Orange Street galleries join the Portrait Party
‘To portray the essence of someone, do we focus on the face? The DNA? How much of the artist’s nature should be reflected in a portrait?”
Those are questions asked in the mission statement for the new collaborative group exhibit between Idea Fab Labs and Chico Art Center, and it also provides at least one possible answer: “For the purpose of ‘Portrait Revolution,’ a compelling portrait should reflect the character and inner life of both the subject and the artist.” A rather daunting challenge, but one that artists have (pardon the pun) faced throughout the history of portraiture. The two-gallery exhibit (which closes this Friday, July 27) was inspired by artist Julia Kay’s international Portrait Party collaborative project and subsequent book, Portrait Revolution, and the artists selected for this show met the challenge with a plethora of philosophical approaches, artistic techniques and modes of visual expression.
At Chico Art Center, one is greeted by Ghislaine Fremaux’s, “Erin,” a larger-than-life, full-frontal nude of a middle-aged woman, wrought in pastel and resin on paper. The image’s complementary earth tones of orange and blue, with deep shadows and expressionistic markings overlaying Fremaux’s exquisite draftswomanship, convey an abiding strength and pain-enduring calm in the woman’s facial expression and posture. The artist’s statement on the piece is as straightforward as the painting: “I mine excruciating color from their skin, disclosing it in brittle chalk with my fingers. I make them huge, because they are huge. … I put them into paper because paper is mutable and can suffer like skin can. I terminate our encounter when I fossilize them there under glossy resin.”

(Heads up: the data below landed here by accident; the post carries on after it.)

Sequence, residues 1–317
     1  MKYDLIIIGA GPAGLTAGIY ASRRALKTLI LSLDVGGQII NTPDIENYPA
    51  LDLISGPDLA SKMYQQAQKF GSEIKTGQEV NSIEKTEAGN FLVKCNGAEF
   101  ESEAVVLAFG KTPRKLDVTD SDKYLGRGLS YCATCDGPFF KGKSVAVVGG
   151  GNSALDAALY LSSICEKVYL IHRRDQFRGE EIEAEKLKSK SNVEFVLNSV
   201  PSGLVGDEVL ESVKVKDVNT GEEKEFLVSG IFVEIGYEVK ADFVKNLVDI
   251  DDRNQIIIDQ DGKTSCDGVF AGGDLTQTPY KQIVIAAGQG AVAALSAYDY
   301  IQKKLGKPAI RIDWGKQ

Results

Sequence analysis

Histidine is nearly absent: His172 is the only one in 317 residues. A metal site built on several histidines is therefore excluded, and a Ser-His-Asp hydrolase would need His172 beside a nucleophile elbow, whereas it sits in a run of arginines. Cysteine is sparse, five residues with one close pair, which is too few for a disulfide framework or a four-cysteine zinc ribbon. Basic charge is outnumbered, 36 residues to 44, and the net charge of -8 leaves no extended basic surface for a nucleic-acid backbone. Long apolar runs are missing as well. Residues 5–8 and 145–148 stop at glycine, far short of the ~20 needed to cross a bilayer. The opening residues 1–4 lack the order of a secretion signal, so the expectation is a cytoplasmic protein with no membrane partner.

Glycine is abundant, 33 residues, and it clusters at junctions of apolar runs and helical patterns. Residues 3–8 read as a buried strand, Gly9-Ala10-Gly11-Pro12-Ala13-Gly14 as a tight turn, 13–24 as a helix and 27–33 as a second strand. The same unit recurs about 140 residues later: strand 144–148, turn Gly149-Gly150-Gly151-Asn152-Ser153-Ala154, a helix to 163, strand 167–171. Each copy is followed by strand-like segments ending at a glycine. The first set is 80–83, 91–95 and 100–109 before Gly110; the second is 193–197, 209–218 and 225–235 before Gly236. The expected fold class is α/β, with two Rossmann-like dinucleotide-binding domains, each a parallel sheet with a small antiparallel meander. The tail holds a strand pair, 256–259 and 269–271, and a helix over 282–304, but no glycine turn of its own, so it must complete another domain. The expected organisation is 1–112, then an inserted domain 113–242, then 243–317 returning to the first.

At the opposite end of the expressive spectrum are Glen Schofield’s two infinitely detailed ink drawings, one of Mick Jagger and one of Jack Nicholson, and my favorite, his “Three Amigos,” a group portrait of artists Salvador Dali, Andy Warhol and Keith Haring done in ink and multimedia. Schofield’s art uses humor and graphic distortion to emphasize his perception and appreciation of his subjects’ most recognizable attributes as icons of pop culture.
Taking a different approach media-wise, but also sticking with the show’s theme of revealing aspects of both subject and artist, Vicki Tomatis’ computer-generated photo “Kirk W.” layers several images to create a colorful montage depicting, as she writes, “my son, who is a rock and roll player in several bands. His love of writing songs and vibrancy of his music is portrayed with the strong colors and variety of images.”
Joshua Olivera takes his subject from our current political climate and in his screenprint, “Shit, Tweet, Repeat,” gives us a glimpse of our president if he had been a bird painted by John James Audubon. In his statement, Olivera says the concept for the piece occurred while researching local invasive species and thinking about our current president, when he discovered the “Brown Headed Cowbird, [which] destroys or removes the eggs of another bird’s nest and replaces the eggs with its own. … [So] I made a fictitious fusion of sorts and created an Orange Headed Shit Bird, which seems to only defecate and tweet repeatedly.”
That’s just a glimpse of a few pieces at one location. The extraordinarily wide-ranging exhibit spread between the two Orange Street galleries features more than 100 works by 60-plus artists—chosen by thr three judges, Cameron Kelly from Chico Art Center and Idea Fab Labs’ Erin Banwell and Carly Santa—that form a cohesive, kaleidoscopic portrait of our infinitely varied human experience.